Part 1 is here.
As they left the pub after a few too many pints, Tom’s mind was already racing with everything he needed to do.
For the rest of the week he started setting up a home-office in his garage. Dan had agreed to turn up on Saturday morning to discuss the finer points of the code architecture.
The idea was beautifully simple.
All he needed to do was come up with a way of processing information that was already available and feed that into their own program which would analyze the input and ultimately produce a prediction of the world’s financial markets.
Tom had based the idea on genetic algorithms. Back in COMP203A he learned how GAs are a collection of algorithms that form a program which uses the same model as evolutionary biology. They utilize concepts such as inheritance and mutation, and evolve following a survival of the fittest model, where the strongest algorithms survive and reproduce.
In his case he would need to model them such that the strongest algorithms are those which most closely predict the stock market.
As he explained to Dan, genetic algorithms, like biological individuals, comprise a set of ‘chromosomes’, but each chromosome is essentially an input variable ultimately influencing the algorithm’s output. In their case, the chromosomes would represent factors likely to affect the financial markets, such as inflation, tax-rates, major corporate shareholdings, or even more abstract events like the weather.
Tom knew that GAs were hot technology, all IT magazines du jour were salivating over their tremendous potential in modeling dynamic systems. They were even hailed as the tool that could find a cure for cancer.
The problem of course is, as Tom soon found out, they are limited by the processing capability available.
Writing the framework proved to be relatively simple, and it had taken Dan less than a month to produce a working prototype.
However, feeding the pool of genetic algorithms enough data that was both current and relevant, took considerable more effort.
“It’s impossible”, Dan stated exasperatedly. It had been four months, and Dan was starting to get grumpy. Weekend after weekend he cycled over to Tom’s garage, for beer, pizza, and marathon bouts of coding. But no matter how much he optimised his program, he couldn’t sustain the population of GAs for more than 100 generations. He had tired of Tom’s project, and just wanted a solid weekend of lounging and doing nothing.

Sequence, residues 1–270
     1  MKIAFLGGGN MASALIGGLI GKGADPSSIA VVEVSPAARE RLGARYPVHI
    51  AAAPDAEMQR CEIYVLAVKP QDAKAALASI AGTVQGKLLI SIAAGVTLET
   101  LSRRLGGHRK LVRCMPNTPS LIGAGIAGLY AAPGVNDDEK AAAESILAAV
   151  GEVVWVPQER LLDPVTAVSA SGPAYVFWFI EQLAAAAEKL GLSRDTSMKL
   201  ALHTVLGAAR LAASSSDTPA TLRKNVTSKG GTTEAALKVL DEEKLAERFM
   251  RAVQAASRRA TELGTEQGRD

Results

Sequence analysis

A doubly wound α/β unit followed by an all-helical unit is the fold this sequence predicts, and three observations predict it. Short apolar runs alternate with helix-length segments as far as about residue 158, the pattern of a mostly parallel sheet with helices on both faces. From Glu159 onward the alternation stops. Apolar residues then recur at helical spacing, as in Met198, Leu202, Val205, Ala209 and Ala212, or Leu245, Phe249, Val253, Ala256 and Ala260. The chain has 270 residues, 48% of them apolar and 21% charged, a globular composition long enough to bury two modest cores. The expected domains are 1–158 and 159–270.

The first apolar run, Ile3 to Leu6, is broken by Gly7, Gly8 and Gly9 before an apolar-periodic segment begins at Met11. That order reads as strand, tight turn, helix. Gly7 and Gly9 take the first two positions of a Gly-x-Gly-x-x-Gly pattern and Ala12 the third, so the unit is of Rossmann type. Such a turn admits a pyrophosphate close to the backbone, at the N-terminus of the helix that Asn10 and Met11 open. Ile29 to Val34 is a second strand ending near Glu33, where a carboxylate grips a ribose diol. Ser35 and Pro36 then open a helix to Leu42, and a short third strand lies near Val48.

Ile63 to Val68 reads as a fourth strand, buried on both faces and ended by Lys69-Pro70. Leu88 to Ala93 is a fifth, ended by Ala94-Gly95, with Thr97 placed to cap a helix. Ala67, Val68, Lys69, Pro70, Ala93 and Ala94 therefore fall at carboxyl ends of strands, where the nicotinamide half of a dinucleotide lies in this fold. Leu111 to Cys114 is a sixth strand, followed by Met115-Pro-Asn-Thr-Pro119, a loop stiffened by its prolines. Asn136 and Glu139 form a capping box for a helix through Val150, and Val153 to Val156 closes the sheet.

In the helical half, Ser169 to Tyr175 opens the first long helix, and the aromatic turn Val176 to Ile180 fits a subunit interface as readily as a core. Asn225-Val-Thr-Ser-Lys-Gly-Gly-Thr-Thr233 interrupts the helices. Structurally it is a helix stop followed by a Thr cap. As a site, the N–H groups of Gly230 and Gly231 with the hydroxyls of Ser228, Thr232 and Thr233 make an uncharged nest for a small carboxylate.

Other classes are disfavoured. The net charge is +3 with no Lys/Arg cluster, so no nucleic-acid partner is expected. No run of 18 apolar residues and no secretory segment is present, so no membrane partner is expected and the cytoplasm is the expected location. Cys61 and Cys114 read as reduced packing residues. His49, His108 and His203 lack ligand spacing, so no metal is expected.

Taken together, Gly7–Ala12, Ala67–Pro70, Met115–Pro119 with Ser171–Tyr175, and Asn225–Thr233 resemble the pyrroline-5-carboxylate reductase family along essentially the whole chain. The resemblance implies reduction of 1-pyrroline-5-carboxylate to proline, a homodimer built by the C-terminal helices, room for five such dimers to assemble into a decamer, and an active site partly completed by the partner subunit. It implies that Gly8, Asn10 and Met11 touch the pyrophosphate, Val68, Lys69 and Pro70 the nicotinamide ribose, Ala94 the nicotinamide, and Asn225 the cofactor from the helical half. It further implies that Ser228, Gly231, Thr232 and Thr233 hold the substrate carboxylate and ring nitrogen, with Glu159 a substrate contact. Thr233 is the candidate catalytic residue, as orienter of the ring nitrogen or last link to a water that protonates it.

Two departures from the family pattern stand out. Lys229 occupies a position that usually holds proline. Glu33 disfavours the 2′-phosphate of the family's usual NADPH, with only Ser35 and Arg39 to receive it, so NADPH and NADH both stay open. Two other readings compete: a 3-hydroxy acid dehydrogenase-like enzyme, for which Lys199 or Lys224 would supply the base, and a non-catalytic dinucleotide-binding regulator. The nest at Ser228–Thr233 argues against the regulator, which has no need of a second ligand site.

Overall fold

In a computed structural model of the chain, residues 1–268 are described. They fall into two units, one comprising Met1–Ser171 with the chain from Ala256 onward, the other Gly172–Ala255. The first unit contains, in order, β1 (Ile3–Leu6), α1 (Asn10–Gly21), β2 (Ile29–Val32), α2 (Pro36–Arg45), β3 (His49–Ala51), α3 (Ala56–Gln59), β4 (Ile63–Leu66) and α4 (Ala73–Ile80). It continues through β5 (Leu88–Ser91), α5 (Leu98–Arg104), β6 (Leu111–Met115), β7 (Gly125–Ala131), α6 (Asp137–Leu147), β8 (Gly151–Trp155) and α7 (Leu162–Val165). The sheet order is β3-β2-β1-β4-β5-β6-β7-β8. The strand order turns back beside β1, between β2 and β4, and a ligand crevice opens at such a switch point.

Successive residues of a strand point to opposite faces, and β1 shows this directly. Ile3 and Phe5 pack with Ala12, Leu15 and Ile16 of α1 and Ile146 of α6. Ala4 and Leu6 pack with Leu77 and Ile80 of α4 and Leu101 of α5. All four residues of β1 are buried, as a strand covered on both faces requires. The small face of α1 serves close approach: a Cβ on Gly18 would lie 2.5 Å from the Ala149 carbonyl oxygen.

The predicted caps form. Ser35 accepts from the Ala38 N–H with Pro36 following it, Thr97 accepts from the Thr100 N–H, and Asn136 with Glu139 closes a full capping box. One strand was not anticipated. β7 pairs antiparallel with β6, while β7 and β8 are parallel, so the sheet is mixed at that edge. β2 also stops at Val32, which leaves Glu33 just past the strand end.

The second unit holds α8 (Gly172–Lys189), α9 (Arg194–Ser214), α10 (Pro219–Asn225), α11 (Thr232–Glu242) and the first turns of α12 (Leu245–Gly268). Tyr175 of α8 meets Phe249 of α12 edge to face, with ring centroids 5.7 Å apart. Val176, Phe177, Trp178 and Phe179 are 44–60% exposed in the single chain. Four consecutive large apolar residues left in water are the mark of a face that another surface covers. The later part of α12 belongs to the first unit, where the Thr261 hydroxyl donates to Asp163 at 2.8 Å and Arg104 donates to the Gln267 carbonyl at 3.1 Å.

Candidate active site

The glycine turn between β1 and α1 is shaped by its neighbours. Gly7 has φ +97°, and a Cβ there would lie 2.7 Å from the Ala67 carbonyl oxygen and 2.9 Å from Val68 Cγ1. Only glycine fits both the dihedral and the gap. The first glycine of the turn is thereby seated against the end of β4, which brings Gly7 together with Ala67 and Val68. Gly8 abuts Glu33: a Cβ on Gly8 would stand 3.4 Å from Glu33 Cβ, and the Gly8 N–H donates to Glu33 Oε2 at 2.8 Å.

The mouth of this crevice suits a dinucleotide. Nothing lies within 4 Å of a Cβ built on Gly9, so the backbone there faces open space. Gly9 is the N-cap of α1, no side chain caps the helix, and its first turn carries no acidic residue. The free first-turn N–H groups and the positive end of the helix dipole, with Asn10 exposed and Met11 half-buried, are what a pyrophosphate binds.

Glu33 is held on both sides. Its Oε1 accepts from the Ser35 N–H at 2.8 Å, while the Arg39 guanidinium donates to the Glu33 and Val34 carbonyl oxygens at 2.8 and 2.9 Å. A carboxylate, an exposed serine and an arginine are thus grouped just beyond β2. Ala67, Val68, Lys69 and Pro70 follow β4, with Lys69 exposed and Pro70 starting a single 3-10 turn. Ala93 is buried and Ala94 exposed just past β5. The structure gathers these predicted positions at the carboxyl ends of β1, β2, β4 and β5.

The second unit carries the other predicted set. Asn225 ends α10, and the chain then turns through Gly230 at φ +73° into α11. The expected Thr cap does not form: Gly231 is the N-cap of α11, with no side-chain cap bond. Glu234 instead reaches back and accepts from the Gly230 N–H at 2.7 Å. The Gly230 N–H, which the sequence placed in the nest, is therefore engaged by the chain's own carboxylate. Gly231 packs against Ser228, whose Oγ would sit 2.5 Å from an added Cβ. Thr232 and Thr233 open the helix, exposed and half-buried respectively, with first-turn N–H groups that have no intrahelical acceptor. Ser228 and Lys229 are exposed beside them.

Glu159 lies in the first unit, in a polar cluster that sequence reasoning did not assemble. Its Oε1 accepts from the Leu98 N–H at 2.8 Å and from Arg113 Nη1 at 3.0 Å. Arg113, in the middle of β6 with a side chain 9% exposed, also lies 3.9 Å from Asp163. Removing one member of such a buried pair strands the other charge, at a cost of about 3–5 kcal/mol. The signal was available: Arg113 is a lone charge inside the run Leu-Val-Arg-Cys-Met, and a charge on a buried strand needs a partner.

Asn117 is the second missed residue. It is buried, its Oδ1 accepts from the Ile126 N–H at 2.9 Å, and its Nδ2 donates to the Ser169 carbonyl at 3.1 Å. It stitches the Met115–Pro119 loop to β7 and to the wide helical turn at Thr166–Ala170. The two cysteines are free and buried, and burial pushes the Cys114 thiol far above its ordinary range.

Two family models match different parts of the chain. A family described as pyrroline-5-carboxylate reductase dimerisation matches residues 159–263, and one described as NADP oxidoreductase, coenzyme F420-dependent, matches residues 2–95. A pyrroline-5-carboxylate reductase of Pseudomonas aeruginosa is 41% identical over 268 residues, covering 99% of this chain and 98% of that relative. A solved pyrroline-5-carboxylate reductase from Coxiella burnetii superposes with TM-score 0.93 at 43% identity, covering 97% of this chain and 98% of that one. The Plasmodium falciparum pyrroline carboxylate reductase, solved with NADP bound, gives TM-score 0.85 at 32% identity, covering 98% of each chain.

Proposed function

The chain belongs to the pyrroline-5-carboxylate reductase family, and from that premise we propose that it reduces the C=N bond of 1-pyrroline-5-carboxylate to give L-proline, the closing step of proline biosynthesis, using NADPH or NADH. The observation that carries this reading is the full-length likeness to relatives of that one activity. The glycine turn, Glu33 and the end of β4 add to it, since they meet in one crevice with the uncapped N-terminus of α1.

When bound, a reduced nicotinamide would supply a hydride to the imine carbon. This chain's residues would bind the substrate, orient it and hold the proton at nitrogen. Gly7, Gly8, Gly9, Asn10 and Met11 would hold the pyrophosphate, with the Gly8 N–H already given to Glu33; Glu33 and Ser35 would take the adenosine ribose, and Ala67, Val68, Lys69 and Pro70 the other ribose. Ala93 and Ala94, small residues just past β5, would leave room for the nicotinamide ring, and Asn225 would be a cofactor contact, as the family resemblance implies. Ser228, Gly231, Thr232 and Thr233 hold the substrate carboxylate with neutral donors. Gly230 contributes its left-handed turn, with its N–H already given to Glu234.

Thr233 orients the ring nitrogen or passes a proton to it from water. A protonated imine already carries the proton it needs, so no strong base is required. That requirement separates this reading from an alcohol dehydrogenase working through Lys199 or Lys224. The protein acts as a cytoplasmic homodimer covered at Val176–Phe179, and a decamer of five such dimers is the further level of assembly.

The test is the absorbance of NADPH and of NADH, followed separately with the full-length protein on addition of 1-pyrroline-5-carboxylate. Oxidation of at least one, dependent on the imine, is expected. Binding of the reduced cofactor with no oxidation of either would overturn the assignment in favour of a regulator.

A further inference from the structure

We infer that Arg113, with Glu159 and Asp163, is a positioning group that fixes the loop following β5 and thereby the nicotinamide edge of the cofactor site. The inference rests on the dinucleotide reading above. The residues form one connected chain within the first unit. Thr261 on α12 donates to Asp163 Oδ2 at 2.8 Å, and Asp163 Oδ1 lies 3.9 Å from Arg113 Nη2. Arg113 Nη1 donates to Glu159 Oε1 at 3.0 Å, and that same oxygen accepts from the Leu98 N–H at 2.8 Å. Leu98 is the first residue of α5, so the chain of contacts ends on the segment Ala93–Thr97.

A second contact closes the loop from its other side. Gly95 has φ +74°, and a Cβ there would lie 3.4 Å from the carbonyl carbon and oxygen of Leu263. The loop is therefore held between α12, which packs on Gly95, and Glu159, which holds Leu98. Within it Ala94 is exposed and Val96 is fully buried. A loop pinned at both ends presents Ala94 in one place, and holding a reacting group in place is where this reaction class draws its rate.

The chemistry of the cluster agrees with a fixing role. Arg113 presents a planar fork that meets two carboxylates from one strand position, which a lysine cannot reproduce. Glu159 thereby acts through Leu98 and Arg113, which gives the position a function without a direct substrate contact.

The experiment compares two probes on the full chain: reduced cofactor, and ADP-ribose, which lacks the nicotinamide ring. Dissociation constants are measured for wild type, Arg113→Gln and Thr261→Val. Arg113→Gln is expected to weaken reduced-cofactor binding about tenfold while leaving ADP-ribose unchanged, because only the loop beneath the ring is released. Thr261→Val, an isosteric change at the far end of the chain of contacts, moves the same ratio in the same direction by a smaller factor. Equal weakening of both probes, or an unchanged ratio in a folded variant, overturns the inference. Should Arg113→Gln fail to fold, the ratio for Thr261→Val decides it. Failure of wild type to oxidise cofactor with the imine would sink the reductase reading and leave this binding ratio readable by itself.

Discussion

“All I’m getting is a bunch of random predictions. I get a soup of chaos and then they all die off”.
“We need more input”, Tom suggested. It had become his generic answer to everything.
“Tom, we already have over 100 inputs. I’ve got references to NZ weather, all of the corporate shareholdings, political approval ratings, sporting events, major natural disasters, and everything else.”
“Maybe it’s not being parsed properly?”.
“The problem isn’t with my code, Tom”, Dan grumbled. “The parsing is fine. You’re right we need more input. But it will take a computer the size of Google’s data bank to process it all”.
“Hm, that sounds expensive. I wonder if I can get a loan?”, Tom pondered.
“Who knows, but I’m done. I’m going home to watch an episode of The IT Crowd. Call me when you find a better computer”.
Tom knew Dan was right, he needed faster hardware.
Of course the banks were incredulous towards his business model. They demanded to see proof-of-income, business plans, missions statements and all sorts of other bureaucratic material that seemed familiar, but which he had never paid attention to in 101 economics.
He was at a loss. Tom realized if he wanted to see this through, he could either enlist his ex-girlfriend, Mandy, to help him get a loan. She was a shrewd penny-pinching accountant, who took full custody of their pet dog, Bunty, when they split up. Neither Dan, nor any other of Tom’s friends liked her, but she did know business.
Or, he could design his own hardware.
Designing his own suddenly seemed preferable. He had already laid the groundwork from his post-grad research.
With a bit of help from his ties at Auckland University, he began fashioning a revolutionary microcontroller specifically designed for processing GAs.
For the next several months he spent all his free time in his garage feverishly working on the chip.
It wasn’t until he received a call from Dan, that he realized he now had the hardware that Dan had been asking for.
“Tom, You haven’t been at Galbraiths for months. You’re not still trying to predict the stock market are you?”
“Hey Dan, you need to come over. I’ve been working on a new type of microcontroller. It uses field programmable gate arrays. It’s going to fix your program”.
“There’s nothing wrong with my program”, Dan stated defensively.
“Sorry, I mean you’ll actually be able to use it with more input. I think this time it’s really going to work”.
“Yeah?”, Dan sounded doubtful. But Tom’s contagious enthusiasm soon convinced him to give it another go.
The microcontroller lived up to both their expectations. It finally allowed Dan to feed the algorithms input from over 1000 separate information sources.
Their stock-market predictions, though still not very accurate, started becoming more consistent.
The micro-controller was Tom’s first break-through.
He reasoned, if anything, it alone could finance a very nice party in Fiji, with free pina coladas for anyone wearing a bikini, or nylons. But he was confident it would only take a few more months before they’d hit the jackpot. Then they’d make millions, buy mahogany power boats, and impress girls with their flashy phones.
Or such was the plan.
Chapter 2 is here.